Plantation: Winds of Change

The first thing Cook saw when he approached the Hawaiian Islands was Ha'upu. This drawing by William Ellis is the first of Hawai'i by a European.

Winds of Change uses the wonderful archival archaeology of Carol Silva's report in Archaeological Investigation of Hule'ia National Wildlife Refuge Ha'iku, Niumalu, Kaua'i to describe the history of Kaua'i from Cook's arrival to the present time.

The arrival of the Captain Cook in 1778 began the end of the ahupua'a system of land management. In their first encounter with the market economy, natives offered Cook a feather cloak for one of his muskets(rifles). Cook considered the musket to be much more valuable than the feather cloak, one of the highest symbols of Hawaiian culture. After much bargaining, the cloak was exchanged for one metal nail. (Kaua'i and the Early Voyages) This deal set the tone for further native trade with foreigners - natives would have trouble getting a fair rate of exchange.
Hawaiian Warrior by Herb Kane
In exchange for fresh water and supplies, Hawaiians received gonorrhea and syphilis from Cook's crew. Within a year, these diseases spread throughout the island chain, reducing population growth by causing female sterility. Other diseases followed, and the Hawaiians, like the native plants and animals that developed before their own arrival, had no defense against the foreign imports.
photo by Dan Petr
At Nawiliwili Bay before Cook's arrival, the maka'ainana were enjoying a time of peace and prosperity at the end of the Hawaiian Expansion Period. Kaua'i's isolation from the other islands by the challenging (hard to cross) Ka 'ie 'ie Waho Channel had kept it from unnecessary conflict with ambitious ali'i from other islands. Lands were maintained in abundance, untouched by battle, and managed by Kaua'i chiefs who had been appointed by Kamuali'i, ali'i nui of Kaua'i. (Carol Silva)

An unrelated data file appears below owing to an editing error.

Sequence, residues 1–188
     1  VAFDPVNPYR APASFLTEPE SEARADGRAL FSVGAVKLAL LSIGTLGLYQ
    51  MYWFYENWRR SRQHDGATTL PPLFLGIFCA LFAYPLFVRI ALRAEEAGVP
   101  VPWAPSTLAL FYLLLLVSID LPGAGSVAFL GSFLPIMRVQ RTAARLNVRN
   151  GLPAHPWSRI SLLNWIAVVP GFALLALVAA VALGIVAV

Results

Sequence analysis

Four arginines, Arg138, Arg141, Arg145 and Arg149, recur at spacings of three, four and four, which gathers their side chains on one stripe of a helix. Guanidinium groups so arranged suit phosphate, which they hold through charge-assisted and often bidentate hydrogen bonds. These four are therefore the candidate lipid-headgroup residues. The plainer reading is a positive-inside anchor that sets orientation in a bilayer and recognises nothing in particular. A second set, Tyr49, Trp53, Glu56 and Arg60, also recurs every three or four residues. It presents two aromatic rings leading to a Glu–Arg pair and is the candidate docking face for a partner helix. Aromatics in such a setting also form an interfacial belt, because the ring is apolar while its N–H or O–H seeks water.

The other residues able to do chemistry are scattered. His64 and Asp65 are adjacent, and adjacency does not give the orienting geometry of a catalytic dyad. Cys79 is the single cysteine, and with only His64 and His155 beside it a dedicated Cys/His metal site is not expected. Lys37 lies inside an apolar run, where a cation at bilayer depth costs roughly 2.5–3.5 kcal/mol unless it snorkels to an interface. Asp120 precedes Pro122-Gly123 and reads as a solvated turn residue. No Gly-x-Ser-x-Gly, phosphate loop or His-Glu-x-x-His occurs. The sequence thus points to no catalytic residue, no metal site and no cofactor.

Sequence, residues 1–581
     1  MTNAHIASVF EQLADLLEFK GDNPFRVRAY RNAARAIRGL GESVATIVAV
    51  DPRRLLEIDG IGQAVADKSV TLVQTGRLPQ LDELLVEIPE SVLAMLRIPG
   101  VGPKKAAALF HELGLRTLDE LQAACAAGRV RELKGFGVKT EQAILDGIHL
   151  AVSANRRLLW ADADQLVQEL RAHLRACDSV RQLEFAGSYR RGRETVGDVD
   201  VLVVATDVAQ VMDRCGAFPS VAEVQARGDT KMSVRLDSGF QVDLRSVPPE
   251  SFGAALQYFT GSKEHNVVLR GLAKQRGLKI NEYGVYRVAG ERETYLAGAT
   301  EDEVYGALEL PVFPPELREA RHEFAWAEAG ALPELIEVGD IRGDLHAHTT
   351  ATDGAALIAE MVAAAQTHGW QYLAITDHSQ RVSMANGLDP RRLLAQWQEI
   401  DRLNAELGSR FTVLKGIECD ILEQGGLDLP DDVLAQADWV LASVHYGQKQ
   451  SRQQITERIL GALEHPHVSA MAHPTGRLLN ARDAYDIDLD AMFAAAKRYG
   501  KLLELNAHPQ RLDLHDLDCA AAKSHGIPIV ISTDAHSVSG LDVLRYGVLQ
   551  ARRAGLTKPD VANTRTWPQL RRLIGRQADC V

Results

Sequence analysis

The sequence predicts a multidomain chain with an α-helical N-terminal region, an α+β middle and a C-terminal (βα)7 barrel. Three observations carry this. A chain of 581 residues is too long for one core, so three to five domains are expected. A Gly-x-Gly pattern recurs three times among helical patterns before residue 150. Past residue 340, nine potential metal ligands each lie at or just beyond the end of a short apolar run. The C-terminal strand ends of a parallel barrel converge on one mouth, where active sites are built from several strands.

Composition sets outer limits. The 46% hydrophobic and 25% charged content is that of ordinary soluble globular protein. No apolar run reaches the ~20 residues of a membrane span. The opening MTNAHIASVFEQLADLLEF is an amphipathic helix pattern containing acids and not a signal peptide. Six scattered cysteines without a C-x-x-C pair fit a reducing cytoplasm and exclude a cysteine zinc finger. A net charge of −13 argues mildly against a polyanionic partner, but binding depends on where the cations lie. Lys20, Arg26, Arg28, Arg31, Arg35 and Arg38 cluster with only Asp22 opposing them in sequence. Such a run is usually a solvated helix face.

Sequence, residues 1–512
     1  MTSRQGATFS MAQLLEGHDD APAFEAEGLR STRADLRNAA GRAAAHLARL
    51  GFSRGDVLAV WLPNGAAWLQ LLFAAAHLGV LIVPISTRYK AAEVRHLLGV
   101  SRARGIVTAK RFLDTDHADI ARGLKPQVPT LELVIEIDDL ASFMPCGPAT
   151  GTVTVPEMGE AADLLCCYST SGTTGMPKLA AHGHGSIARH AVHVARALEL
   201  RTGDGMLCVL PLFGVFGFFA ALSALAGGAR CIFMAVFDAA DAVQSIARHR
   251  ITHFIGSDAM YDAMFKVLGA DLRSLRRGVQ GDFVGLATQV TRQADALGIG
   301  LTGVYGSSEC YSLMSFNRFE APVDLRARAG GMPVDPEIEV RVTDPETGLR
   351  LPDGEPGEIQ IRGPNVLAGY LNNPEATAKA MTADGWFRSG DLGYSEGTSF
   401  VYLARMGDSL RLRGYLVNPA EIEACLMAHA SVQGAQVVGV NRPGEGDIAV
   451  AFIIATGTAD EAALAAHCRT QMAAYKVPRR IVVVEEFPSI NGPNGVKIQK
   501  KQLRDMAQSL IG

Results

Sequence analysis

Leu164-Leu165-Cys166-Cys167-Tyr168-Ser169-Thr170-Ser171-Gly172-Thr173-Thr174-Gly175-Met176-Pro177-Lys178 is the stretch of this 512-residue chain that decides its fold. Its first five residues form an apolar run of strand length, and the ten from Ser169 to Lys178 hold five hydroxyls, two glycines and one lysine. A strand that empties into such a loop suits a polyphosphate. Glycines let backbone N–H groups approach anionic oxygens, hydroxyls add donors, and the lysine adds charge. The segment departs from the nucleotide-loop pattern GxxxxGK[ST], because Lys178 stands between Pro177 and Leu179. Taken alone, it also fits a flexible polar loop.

After Kamuali'i's death, a rebellion occurred in 1825. This was quickly put down by chiefs of Hawai'i and Maui, with a widespread redistribution of land and resources to non-Kaua'i chiefs. One hypothesis for the uncommon shapes of ahupua'a at Nawiliwili Bay is this redistribution. It is also said these non-Kaua'i chiefs were often despised by the native residents of Kaua'i. Fortunate were those maka'ainana, those natives of the soil, whose rights were protected as power passed out of Kaua'i hands. (Carol Silva)
Puna courtesy of Ho'okipa Network
From 1825 - 1839, Kaua'i was governed by Kaikio'ewa, who named Lihu'e after his home on O'ahu. He attracted native planters to the area, giving twice as many land awards as Kamuali'i' did. The choice lo'i were for the chiefs, set aside for all residents to work upon one day out of the week as their tax. (Carol Silva) Kaua'i's abundance allowed a tax on men only, unlike the islands of Maui and Hawai'i, which taxed both men and women. (Samuel Kamakau)
When Kaikio'ewa came to your house for dinner, he brought an entourage (group of attendants) of 200 people. (Joesting)
Christian missionaries arrived in the 1820's. When ali'i converted to this new faith, it was the end of traditional Hawaiian customs and values. Traditional beliefs were being replaced with concepts like credit. Kamehameha III inherited the kingdom in 1824, along with close to a $500,000 Hawaiian debt to the foreign traders. As the poor rate of exchange continued, chiefs borrowed huge amounts of money to pay for luxury items worth far less than what was paid.
Above, Rev. Alexander preaches to the natives at Ko'olau.
The population of several hundred thousand Hawaiians in 1778, fell to 88,000 by 1848. At Nawiliwili Bay, analysis of skeletal remains indicates a large number of the population died of syphilis and the flu influenza. The imposition of a sandalwood tax throughout the Hawaiian Islands to pay off ali'i debt made maka'ainana ignore their lo'i to cut sandalwood.
Because of the sandalwood tax, famine plagued the maka'ainana during the reigns of Kamehameha I, II, and III. On Kaua'i, the population of 10,000, in 1823, became 6,941 by 1849.
After their health and traditional beliefs, what else did the maka'ainana have to lose? In the mahele of 1848, they lost access to the total land and water resources of their ahupua'a. How did this happen? How did this affect Nawiliwili Bay?
Created June 2001